The newest iMac 2013, MacBook Air 2013, MacBook Pro Late 2013 and AirPort Extreme / TimeCapsules are all compliant with the new high performance 802.11 ac standard. (on a side note: unfortunately unlike the new iphone 5s/5c, iPad Air or iPad Mini Retina).
The biggest problem users are facing is to identify if their new equipment is really ‘talking’ ac or if they are still in n-mode.
A click on your WiFi icon in the menu bar is showing only the connected network (in this case TAURUSGEMINI) and the signal strength but no further details.
You have to click on the WiFi icon altogether with holding down the alt-option key to see a more detailed view.
And most probably you will see (with a standard out-of-the-box-installation) something disillusioning like the below, showing you that the expensive equipment you bought is still using the same connection speed than hardware you could have bought for half of the price.
You probably have looked everywhere under System Preferences/Network, and throughout the AirPort Utility application but you couldn’t find any place to select 802.11 ac as the preferred network standard. Furthermore what would happen to your old n-only compliant hardware in case such an option would exist?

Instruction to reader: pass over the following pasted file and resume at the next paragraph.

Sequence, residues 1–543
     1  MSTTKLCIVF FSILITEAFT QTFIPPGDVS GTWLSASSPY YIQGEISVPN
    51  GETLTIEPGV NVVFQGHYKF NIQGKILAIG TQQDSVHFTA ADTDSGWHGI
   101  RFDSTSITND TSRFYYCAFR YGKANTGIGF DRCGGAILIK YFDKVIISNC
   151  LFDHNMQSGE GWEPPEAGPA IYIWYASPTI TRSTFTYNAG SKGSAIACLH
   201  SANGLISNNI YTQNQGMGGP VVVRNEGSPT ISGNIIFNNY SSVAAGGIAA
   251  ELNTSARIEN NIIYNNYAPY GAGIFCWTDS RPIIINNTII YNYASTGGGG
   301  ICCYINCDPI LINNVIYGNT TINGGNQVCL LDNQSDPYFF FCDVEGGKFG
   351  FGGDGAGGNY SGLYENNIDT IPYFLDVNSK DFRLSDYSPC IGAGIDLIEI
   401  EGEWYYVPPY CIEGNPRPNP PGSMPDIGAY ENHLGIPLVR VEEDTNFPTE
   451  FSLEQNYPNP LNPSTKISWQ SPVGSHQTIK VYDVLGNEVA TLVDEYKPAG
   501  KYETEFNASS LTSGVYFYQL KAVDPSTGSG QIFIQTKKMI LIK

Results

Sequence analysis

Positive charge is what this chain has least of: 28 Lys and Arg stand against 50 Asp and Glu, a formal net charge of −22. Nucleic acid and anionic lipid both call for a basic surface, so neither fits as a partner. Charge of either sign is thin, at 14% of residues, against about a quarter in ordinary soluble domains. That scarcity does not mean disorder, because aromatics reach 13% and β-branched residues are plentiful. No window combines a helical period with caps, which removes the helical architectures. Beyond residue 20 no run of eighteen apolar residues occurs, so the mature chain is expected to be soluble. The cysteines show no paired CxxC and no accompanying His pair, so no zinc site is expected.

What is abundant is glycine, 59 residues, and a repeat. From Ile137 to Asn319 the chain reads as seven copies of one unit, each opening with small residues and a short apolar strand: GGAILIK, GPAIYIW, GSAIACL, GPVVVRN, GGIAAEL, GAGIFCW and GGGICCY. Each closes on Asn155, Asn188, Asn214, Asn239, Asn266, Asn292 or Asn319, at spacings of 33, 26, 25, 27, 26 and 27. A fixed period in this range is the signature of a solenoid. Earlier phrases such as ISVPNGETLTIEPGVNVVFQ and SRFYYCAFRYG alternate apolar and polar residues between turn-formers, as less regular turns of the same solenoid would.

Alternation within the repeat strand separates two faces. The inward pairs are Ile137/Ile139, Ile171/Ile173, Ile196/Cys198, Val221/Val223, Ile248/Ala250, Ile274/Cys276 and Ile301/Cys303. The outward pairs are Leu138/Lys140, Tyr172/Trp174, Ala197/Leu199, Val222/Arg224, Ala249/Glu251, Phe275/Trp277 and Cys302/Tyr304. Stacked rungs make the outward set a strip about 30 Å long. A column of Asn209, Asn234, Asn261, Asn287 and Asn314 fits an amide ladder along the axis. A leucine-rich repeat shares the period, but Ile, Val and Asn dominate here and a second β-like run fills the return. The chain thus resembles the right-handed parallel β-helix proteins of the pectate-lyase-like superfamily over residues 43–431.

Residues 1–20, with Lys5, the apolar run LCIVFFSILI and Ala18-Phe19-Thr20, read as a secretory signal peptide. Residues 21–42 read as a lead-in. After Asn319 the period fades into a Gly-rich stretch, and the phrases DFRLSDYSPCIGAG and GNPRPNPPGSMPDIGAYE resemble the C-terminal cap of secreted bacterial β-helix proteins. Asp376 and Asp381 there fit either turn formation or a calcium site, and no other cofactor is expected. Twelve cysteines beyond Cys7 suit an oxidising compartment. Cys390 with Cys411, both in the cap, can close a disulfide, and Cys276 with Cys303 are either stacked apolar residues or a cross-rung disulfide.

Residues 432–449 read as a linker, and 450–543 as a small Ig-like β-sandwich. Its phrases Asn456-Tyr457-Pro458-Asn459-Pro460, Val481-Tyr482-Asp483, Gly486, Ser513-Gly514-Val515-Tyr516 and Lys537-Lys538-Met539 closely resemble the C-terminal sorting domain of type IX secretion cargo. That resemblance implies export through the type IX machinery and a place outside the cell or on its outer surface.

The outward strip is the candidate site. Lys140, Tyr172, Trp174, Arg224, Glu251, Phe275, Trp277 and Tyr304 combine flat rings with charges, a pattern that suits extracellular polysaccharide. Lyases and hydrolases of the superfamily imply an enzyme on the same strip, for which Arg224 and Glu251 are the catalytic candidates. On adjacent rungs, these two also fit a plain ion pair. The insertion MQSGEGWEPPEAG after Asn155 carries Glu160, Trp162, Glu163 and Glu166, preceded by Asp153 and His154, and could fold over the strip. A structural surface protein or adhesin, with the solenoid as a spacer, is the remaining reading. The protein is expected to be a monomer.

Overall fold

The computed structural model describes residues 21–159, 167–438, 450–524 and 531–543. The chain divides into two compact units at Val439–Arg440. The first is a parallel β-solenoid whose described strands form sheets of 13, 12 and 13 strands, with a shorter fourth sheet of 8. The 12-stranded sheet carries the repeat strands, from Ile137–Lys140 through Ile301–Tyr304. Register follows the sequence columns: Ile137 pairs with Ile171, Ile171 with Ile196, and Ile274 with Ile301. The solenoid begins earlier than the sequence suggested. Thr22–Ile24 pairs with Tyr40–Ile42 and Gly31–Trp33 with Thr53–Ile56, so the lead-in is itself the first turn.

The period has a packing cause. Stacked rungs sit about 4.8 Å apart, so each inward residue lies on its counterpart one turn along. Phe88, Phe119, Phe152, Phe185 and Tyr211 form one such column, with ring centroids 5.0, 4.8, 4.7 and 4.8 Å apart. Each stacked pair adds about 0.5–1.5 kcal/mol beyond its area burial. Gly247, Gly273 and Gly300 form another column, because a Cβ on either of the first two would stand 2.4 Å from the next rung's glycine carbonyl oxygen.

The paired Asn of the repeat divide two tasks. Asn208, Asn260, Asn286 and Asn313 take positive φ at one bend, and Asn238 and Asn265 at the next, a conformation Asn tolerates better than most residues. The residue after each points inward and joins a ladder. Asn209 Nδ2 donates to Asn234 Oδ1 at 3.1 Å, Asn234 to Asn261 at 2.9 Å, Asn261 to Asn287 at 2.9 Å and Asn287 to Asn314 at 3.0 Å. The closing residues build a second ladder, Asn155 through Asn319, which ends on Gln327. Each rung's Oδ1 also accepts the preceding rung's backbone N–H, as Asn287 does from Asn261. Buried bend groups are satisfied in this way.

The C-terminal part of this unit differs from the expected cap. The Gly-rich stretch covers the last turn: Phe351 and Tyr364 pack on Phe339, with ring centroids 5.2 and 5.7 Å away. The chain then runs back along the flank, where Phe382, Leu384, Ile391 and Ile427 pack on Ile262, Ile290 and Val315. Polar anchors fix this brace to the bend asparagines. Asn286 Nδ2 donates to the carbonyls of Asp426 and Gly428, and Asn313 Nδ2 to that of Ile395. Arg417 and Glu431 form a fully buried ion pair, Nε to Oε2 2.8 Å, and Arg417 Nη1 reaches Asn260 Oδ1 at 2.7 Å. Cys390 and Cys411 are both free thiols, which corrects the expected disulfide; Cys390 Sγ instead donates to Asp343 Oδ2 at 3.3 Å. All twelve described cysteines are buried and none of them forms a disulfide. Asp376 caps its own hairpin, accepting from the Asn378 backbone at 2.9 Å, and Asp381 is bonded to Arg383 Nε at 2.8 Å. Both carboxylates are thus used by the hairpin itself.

It is important to know that 802.11 ac will only operate in the 5 GHz radio band. As such you have to configure your router accordingly. 802.11 can use as well the 5 GHz radio band but not necessarily all end devices can access that band.
On a new generation Airport Extreme and Airport Time Capsule you can configure under Wireless Options a different SSID (Network name) for your 5GHz radio band.
With this little and simple setting you can ensure that your ac enabled devices will definitely always connect to your high speed (802.11 ac enabled) radio band.
A quick option-click on your WiFi icon in the menu bar is now showing that indeed high speed connection is used all the time.
As of now there are only a few devices able to use ac it is perhaps useful to make this 5GHz network hidden, as such all your 802.11 n connections will be routed through the 2,4 GHz radio band and you have the 5 GHz radio band reserved for 5 GHz connection only.
However has we have to face different physical signal penetration depth for the different GHz bands this is something you should play around a bit. It might well be that the 5 GHz radio band will help you in getting a better and stronger connection for your legacy 802.11 n equipment.